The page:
Where are the great singer-songwriters of the '90s-- and when will they get here? Fortunately, until they arrive, '70s singer-songwriter greats like James Taylor are out there touring and recording, demonstrating what it takes to set standards that last lifetimes.
Where are the great singer-songwriters of the ’90s– and when will they get here? Fortunately, until they arrive, ’70s singer-songwriter greats like James Taylor are out there touring and recording, demonstrating what it takes to set standards that last lifetimes.
Taylor’s unmistakable vocals were in fine form during the first of a five-night stand at the Universal Amphitheater last Tuesday. His material, sound and lighting all scored perfect 10s with the celebrity- and industry-honcho-dotted audience.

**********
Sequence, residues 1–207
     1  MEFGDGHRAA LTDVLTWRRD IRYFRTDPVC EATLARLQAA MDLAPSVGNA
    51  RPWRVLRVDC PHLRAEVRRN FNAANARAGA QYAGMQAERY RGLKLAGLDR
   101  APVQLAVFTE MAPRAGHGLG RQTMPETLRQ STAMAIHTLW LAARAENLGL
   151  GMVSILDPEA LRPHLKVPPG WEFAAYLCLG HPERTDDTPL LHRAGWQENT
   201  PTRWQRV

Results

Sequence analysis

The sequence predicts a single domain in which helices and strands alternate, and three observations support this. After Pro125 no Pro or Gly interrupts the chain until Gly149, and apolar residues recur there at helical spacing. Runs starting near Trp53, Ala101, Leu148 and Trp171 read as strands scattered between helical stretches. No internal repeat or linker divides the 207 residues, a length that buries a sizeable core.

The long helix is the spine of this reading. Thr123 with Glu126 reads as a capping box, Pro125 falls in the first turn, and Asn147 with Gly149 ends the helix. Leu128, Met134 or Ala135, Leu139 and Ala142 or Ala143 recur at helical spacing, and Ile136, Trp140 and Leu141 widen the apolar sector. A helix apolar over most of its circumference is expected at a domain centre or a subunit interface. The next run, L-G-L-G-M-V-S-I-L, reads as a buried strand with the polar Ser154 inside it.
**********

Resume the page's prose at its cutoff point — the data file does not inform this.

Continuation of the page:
A creme-de-la-creme backing contingent of five musicians and four singers–many of them successful recording artists in their own right–helped Taylor serve up timeless versions of his classics, as well as songs from his recent Columbia Records release, “New Moon Shine.”
Unlike many artists with large repertoires, Taylor never resorted to medleys, instead paying proper homage to his catalog with full versions.
Many of the tunes were given new life, complemented by the exquisite blending of the backing singers’ tight four-part harmonies that fit with Taylor’s voice like fingers in a new leather glove. The performance of songs like “Fire and Rain,””You’ve Got a Friend,” and “Carolina in My Mind” easily rivaled the original recordings.
The perfect mix of old and new, interspersed with Taylor’s witty, funny in-between song remarks, held the crowd to the last note of the four-encore, two-hour-plus set.